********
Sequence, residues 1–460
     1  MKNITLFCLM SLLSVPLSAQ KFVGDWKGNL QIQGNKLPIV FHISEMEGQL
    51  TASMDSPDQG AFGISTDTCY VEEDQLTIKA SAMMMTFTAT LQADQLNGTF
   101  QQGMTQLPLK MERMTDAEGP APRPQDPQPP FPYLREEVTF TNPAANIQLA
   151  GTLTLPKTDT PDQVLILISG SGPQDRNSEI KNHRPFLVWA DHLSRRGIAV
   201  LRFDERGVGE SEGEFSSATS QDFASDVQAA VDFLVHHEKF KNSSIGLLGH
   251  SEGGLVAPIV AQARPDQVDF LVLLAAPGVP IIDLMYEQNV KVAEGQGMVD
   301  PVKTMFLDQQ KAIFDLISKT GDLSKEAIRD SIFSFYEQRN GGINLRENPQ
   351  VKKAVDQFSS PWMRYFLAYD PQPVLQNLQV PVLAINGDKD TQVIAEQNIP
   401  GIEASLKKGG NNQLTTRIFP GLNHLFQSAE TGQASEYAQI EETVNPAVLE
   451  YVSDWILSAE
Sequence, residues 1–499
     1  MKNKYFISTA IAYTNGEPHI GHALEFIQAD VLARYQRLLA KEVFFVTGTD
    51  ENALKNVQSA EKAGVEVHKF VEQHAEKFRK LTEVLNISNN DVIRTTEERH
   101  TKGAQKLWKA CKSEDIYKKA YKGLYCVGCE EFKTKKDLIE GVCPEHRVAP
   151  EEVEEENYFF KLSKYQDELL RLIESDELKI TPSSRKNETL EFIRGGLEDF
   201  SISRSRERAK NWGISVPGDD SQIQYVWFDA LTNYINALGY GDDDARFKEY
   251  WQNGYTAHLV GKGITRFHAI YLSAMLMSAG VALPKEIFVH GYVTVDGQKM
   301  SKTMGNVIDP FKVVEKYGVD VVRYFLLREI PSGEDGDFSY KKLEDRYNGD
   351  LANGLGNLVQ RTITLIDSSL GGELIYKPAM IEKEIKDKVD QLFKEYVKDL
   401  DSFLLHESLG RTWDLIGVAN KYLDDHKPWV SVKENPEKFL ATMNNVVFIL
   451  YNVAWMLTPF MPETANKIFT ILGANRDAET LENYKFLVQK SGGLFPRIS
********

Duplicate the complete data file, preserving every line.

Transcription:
Sequence, residues 1–460
     1  MKNITLFCLM SLLSVPLSAQ KFVGDWKGNL QIQGNKLPIV FHISEMEGQL
    51  TASMDSPDQG AFGISTDTCY VEEDQLTIKA SAMMMTFTAT LQADQLNGTF
   101  QQGMTQLPLK MERMTDAEGP APRPQDPQPP FPYLREEVTF TNPAANIQLA
   151  GTLTLPKTDT PDQVLILISG SGPQDRNSEI KNHRPFLVWA DHLSRRGIAV
   201  LRFDERGVGE SEGEFSSATS QDFASDVQAA VDFLVHHEKF KNSSIGLLGH
   251  SEGGLVAPIV AQARPDQVDF LVLLAAPGVP IIDLMYEQNV KVAEGQGMVD
   301  PVKTMFLDQQ KAIFDLISKT GDLSKEAIRD SIFSFYEQRN GGINLRENPQ
   351  VKKAVDQFSS PWMRYFLAYD PQPVLQNLQV PVLAINGDKD TQVIAEQNIP
   401  GIEASLKKGG NNQLTTRIFP GLNHLFQSAE TGQASEYAQI EETVNPAVLE
   451  YVSDWILSAE
Sequence, residues 1–499
     1  MKNKYFISTA IAYTNGEPHI GHALEFIQAD VLARYQRLLA KEVFFVTGTD
    51  ENALKNVQSA EKAGVEVHKF VEQHAEKFRK LTEVLNISNN DVIRTTEERH
   101  TKGAQKLWKA CKSEDIYKKA YKGLYCVGCE EFKTKKDLIE GVCPEHRVAP
   151  EEVEEENYFF KLSKYQDELL RLIESDELKI TPSSRKNETL EFIRGGLEDF
   201  SISRSRERAK NWGISVPGDD SQIQYVWFDA LTNYINALGY GDDDARFKEY
   251  WQNGYTAHLV GKGITRFHAI YLSAMLMSAG VALPKEIFVH GYVTVDGQKM
   301  SKTMGNVIDP FKVVEKYGVD VVRYFLLREI PSGEDGDFSY KKLEDRYNGD
   351  LANGLGNLVQ RTITLIDSSL GGELIYKPAM IEKEIKDKVD QLFKEYVKDL
   401  DSFLLHESLG RTWDLIGVAN KYLDDHKPWV SVKENPEKFL ATMNNVVFIL
   451  YNVAWMLTPF MPETANKIFT ILGANRDAET LENYKFLVQK SGGLFPRIS